- ability to extend loss relief claimed against general income as above, against capital gains under TCGA, s261B;
- Relief for losses incurred in the first four tax years of trade against total income in the preceding three tax years, prior to the year of loss on a FIFO basis under ITA 2007, s72;
- Relief for unrelieved terminal losses arising in the final 12 months of trade, against profits of the same trade assessable in the three preceding tax years on a LIFO basis under ITA 2007, s89;
- Relief for pre-trading revenue expenditure under Income and Corporation Taxes Act (ICTA) 1988, s401. Such expenditure is treated as having been incurred on the first day of trading; and
- Carry forward of losses against future profits of same trade under ITA 2007, s83.
- Loss relief is available in the same way as for trading
Relief against total profits of the accounting period, under the Corporation Tax Act (CTA) 2010, s37(1)(2)(3)(a); (formerly ICTA 1988, s393A(1)(a)), or the preceding year under CTA 2010, ss37(3)(b)(4)(6)(8), formerly ICTA 1988, s393(1)(b)); and the ability to claim the temporary loss relief afforded by Finance Act 2009, Schedule 6 for losses of up to £50,000 per year, for accounting periods ending between 24 November 2008 and 23 November 2011, against total profits (including chargeable gains) of the three preceding tax years
Relief for unrelieved terminal losses arising in the final 12 months of trade, against profits of the same trade assessable in the three preceding tax years on a LIFO basis under CTA 2010, ss39, 40(2);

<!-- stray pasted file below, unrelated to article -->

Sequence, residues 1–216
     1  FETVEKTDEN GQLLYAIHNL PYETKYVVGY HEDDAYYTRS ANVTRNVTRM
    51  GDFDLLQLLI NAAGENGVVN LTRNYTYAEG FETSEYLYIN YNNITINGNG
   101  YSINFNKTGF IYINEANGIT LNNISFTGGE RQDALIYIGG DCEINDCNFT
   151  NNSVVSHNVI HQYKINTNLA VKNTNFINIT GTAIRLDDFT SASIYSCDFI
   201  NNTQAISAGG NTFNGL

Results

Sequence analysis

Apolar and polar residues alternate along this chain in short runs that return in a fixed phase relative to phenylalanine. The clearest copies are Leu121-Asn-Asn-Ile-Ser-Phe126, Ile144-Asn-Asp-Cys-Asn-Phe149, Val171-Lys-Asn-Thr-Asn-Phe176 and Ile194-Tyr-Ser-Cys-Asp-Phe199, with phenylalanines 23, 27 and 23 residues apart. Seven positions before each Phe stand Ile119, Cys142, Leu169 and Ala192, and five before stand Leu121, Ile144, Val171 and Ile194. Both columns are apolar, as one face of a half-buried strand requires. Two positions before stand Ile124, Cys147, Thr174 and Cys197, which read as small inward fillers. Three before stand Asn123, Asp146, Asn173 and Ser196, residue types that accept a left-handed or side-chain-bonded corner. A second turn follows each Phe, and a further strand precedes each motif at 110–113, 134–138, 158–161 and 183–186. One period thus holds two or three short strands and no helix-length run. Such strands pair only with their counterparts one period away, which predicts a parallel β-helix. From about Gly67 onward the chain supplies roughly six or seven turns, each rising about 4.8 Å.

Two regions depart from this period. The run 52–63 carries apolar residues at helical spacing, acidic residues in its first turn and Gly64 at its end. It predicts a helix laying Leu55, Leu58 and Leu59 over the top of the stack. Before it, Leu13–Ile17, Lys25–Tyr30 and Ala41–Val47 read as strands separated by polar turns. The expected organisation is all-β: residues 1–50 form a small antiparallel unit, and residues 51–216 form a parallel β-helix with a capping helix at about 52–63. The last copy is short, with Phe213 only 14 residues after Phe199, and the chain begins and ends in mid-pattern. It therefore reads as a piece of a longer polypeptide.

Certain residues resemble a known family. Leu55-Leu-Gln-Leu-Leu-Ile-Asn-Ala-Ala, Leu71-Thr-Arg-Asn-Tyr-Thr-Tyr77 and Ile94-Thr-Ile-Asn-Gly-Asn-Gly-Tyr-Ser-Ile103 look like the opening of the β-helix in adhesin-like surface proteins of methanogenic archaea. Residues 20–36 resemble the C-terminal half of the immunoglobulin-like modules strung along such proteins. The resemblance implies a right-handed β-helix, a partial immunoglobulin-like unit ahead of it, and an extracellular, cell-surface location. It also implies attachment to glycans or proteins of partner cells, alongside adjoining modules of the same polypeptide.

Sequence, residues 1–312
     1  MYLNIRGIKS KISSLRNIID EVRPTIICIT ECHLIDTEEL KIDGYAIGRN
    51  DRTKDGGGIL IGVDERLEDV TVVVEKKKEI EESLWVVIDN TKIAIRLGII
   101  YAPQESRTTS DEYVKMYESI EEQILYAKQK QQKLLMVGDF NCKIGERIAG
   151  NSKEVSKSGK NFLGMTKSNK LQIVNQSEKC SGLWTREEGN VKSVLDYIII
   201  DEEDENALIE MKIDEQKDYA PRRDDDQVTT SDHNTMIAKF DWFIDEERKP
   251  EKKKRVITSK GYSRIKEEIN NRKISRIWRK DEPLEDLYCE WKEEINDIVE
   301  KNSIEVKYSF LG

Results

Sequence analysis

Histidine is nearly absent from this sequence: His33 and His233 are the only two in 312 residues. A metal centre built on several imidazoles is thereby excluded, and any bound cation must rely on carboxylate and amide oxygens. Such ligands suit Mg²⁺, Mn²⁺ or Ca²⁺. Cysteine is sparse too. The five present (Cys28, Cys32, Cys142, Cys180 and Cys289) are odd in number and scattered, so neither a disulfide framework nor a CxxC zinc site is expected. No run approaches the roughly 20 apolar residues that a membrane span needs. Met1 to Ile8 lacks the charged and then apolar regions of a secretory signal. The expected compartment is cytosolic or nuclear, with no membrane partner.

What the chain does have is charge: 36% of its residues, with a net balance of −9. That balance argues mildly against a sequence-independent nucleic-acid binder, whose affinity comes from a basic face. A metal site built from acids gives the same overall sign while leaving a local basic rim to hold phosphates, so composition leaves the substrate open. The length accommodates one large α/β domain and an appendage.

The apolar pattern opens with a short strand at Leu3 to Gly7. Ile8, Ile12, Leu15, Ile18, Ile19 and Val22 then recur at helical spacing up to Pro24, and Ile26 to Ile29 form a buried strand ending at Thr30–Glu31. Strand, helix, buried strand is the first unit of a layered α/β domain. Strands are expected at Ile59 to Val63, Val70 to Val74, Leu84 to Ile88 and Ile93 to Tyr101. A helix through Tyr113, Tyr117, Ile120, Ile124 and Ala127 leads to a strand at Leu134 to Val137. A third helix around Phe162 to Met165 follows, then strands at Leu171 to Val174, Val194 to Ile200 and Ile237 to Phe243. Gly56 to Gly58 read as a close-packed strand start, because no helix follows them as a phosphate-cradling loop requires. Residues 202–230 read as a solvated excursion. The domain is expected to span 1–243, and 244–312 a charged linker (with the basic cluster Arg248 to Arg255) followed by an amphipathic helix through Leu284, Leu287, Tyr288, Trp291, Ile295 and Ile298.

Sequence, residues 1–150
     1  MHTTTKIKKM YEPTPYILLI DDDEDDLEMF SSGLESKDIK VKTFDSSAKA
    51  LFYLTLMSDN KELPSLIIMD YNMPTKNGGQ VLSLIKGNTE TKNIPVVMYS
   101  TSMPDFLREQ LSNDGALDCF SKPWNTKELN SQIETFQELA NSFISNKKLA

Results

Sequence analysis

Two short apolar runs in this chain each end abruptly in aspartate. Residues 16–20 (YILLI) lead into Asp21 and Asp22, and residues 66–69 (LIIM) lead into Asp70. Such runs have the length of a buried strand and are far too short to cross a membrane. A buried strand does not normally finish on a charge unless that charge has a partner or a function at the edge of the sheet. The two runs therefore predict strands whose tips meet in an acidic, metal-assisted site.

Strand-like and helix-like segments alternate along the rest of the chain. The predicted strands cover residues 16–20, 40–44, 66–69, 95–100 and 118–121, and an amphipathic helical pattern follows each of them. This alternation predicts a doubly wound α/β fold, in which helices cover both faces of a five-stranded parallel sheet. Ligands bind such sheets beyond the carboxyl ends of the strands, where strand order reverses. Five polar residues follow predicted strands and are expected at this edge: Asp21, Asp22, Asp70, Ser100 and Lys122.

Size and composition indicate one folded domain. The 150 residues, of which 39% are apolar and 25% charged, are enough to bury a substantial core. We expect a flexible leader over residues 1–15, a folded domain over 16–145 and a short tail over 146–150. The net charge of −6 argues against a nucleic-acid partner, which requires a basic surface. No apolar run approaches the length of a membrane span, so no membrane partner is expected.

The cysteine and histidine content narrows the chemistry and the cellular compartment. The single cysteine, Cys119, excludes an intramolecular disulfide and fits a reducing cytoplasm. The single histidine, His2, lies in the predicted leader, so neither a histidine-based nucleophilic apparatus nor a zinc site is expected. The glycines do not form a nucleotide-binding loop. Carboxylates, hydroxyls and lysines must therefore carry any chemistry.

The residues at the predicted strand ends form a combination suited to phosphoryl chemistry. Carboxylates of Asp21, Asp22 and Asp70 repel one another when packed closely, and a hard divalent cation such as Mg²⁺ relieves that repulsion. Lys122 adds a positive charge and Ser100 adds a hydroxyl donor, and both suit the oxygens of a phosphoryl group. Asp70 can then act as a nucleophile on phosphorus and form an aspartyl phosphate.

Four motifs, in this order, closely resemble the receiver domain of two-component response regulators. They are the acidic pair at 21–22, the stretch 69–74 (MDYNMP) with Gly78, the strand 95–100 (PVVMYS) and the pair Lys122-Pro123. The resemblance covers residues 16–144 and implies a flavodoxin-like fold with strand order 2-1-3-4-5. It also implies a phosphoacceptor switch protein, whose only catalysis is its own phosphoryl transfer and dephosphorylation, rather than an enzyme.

Relief for pre-trading revenue expenditure under ICTA 1988, s401. Such expenditure is treated as having been incurred on the first day of trading, under CTA 2009, s61.
Capital Gains Tax
- Relief for losses on a loan to the person carrying out the furnished holiday letting and so used in the FHL business, under TCGA 1992, s253;
- Roll-over relief on replacement business assets, under TCGA ss152-158;
- Relief for gifts of business assets, under TCGA 1992, s165;
- Entrepreneurs relief on the disposal of whole or part of the business, and associated disposal or shares out of a holding of more than 5%, under TCGA 1992, ss169H-169S.
In certain circumstances, an FHL may be eligible for business property relief for inheritance tax purposes.
Some useful comments are made in the HMRC Manuals at SVM 27600, as follows:
'In some instances the distinction between a business of furnished holiday lettings and, say, a business running a hotel or motel may be so minimal that the courts would not regard such a business as one of 'wholly or mainly holding investments' for the purposes of section 105(3), Inheritance Tax Act 1984'.
The manual goes on to say:
You may therefore normally allow (IHT BPR) relief where:
- The lettings are short term (for example weekly or fortnightly); and
- The owner - either himself or through an agent such as a relative or housekeeper - was substantially involved with the holidaymaker(s) in terms of their activities on and from the premises even if the lettings were for part of the year only.'
The government consulted on proposals for revised FHL rules between July 2010 and October 2010. The amendments to the rules are included in Finance (No. 3) Bill 2010-11 and take effect in stages, as follows:
From April 2011
The first major change to take place with effect from 6 April 2011, and for accounting periods ending on or after 1 April 2011 for corporation tax purposes, is that FHLs in both the UK and EEA will be eligible as qualifying FHLs. This reflects the current situation but is now committed to the statute book.